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I've come across this problem enough times that I'd like to find a smarter approach. The scenario is that I make changes to a web app, and an element on the page ends up looking different than it used to look and I'm not sure why. Sometimes it's because I've refactored markup and css, or sometimes because I've added a new css include on the page, or other reasons.

Sometimes the css looks to be pretty much the same, and so I have to go an elaborate hunt in the browser dev tools for what css rules have been applied. If I can't spot the cause in the "properties" section of Chrome's dev tools, I look at the "Computed Style" section. Sometimes I still have trouble spotting the difference, so I paste the "Computed Style" section for the broken and working versions into text files, save to disk and then diff the two. It ends up being something frustrating, like the element in the broken version inherited a different line-height from an ancestor element.

Is there an easier way to do this?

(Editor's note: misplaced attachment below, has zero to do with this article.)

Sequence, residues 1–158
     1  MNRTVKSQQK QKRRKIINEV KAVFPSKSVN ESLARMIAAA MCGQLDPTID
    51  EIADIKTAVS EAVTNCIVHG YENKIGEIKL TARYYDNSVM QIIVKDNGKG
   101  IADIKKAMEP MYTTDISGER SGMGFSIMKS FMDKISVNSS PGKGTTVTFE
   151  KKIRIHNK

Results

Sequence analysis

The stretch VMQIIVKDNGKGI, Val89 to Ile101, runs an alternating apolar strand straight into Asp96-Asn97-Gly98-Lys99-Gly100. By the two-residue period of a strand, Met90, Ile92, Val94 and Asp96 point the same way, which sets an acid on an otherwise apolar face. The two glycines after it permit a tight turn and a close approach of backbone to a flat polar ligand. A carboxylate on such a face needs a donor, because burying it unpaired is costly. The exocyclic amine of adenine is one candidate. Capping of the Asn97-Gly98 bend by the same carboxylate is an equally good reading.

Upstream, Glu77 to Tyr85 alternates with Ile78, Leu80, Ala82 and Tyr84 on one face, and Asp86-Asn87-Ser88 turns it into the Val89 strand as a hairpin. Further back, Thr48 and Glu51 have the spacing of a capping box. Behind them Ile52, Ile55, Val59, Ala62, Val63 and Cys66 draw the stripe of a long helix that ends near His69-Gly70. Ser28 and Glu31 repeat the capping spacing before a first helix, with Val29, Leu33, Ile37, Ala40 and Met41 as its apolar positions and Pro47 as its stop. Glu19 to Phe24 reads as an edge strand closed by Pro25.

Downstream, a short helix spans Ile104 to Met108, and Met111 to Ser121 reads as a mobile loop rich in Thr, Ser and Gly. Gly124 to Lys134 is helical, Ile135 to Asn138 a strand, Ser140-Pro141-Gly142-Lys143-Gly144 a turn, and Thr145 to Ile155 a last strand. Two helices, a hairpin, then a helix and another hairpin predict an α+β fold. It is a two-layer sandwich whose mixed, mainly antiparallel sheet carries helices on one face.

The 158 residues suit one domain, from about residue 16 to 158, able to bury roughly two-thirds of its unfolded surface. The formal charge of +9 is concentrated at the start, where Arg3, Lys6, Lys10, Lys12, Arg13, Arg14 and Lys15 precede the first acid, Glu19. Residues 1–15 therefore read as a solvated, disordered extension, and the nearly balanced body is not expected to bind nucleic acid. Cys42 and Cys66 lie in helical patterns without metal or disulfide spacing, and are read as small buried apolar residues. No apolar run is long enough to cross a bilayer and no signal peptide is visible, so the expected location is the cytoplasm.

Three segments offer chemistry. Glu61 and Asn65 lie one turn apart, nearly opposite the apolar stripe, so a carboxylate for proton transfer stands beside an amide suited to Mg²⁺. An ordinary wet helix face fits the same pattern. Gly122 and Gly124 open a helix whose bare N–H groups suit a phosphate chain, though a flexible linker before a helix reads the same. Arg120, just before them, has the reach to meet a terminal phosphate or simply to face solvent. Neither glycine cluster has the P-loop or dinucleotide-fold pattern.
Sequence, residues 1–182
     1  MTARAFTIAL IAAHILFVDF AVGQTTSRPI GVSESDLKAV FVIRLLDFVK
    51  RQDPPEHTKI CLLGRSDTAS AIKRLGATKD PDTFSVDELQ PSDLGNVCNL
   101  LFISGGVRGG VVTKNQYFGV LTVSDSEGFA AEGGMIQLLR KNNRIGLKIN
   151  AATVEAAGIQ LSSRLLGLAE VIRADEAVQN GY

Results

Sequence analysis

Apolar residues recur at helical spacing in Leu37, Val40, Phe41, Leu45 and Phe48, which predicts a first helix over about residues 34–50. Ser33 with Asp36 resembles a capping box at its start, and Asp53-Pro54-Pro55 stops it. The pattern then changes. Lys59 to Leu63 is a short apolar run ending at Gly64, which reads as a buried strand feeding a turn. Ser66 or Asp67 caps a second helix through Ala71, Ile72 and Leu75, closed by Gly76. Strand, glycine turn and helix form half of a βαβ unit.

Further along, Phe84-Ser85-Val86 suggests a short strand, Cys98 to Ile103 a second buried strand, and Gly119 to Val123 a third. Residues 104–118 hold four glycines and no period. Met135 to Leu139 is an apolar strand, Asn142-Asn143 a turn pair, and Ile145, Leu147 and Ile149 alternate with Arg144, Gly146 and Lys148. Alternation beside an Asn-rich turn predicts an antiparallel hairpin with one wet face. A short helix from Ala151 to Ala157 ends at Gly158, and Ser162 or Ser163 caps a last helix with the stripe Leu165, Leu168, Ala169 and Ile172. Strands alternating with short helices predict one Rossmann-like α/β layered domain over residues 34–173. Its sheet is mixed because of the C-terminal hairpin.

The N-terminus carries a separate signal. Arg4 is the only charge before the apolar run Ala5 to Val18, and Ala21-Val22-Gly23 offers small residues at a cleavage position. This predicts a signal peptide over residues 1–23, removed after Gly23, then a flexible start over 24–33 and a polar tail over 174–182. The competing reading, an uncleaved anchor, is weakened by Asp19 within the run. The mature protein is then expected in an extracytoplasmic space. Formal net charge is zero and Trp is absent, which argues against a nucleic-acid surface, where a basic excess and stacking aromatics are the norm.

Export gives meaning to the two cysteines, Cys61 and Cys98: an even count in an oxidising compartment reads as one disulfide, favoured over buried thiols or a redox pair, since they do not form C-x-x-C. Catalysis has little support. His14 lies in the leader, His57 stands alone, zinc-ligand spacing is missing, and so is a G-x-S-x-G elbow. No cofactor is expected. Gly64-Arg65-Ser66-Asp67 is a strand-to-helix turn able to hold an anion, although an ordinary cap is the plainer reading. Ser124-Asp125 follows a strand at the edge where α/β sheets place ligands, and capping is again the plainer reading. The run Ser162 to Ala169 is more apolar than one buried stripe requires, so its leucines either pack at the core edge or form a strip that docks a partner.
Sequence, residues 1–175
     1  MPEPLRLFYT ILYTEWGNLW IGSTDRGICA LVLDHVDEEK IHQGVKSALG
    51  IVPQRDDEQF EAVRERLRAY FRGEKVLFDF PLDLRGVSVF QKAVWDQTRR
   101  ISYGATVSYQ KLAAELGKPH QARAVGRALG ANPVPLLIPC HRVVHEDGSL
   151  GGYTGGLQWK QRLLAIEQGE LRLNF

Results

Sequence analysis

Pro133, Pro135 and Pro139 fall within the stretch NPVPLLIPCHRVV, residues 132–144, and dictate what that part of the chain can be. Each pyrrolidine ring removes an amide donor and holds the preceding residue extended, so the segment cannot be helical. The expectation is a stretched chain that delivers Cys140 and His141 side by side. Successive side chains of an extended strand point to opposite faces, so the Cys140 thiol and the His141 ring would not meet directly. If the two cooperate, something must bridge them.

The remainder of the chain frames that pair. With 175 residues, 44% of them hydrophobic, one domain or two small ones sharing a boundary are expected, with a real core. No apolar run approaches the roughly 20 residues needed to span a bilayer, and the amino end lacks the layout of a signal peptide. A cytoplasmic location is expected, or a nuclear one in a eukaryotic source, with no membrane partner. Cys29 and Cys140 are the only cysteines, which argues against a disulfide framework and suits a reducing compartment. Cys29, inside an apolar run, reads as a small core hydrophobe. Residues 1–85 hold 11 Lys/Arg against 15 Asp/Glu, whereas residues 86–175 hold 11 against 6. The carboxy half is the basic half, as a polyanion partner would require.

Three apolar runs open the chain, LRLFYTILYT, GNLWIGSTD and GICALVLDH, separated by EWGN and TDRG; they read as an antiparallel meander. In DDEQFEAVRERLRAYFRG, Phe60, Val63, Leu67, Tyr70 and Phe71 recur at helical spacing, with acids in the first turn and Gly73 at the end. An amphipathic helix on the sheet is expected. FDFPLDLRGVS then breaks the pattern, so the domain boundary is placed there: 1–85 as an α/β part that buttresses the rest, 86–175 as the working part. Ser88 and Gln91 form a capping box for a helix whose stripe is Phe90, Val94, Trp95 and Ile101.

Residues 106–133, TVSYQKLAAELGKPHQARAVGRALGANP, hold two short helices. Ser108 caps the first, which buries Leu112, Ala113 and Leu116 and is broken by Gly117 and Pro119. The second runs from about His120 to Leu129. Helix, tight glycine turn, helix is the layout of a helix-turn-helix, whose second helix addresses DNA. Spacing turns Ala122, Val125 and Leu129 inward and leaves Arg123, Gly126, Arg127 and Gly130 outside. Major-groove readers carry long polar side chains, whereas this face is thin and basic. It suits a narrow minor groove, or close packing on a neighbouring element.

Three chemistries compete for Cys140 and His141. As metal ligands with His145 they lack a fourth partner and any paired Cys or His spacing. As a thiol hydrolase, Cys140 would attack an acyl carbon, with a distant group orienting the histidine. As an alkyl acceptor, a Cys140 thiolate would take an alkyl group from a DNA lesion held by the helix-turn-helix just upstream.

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Could you give an example of the visual changes? Isn't it trivial to determine which property changed from looking at the page? (E.g. if the element's margins are bigger, it's margin, if the font looks different, it's one of the font- or text- properties, etc.) From merely comparing the page's visual appearance before/after, you should be able to determine which properties changed. –  Šime Vidas Oct 4 '12 at 13:44
    
Most of the time it is trivial, yes, but not always. I don't have an example right now, I should have posted this question the last time I came across this problem. It often involves inheriting rules from a parent element, but tracking down which parent isn't obvious. –  Giscard Biamby Oct 4 '12 at 13:58
    
Well, the browser's dev tools do give you a list of all the inherited properties, so you could load up both states of the page in two separate browser windows, and then select the same element in both dev tools, and compare the inheritance information of both. CSS inheritance can be a pain if it becomes too complex (e.g. inherited properties canceling out other inherited properties), so consider dealing with that directly, by refactoring the CSS code in order to reduce the complexity. –  Šime Vidas Oct 4 '12 at 14:47
    
Was there ever a solution to this? I have a designer that made changes to a library's CSS file right in the file, making future upgrading hard. It is possible to determine the changes by site but it's a painstaking process if the changes are vast. –  Chris Mar 20 '13 at 5:48

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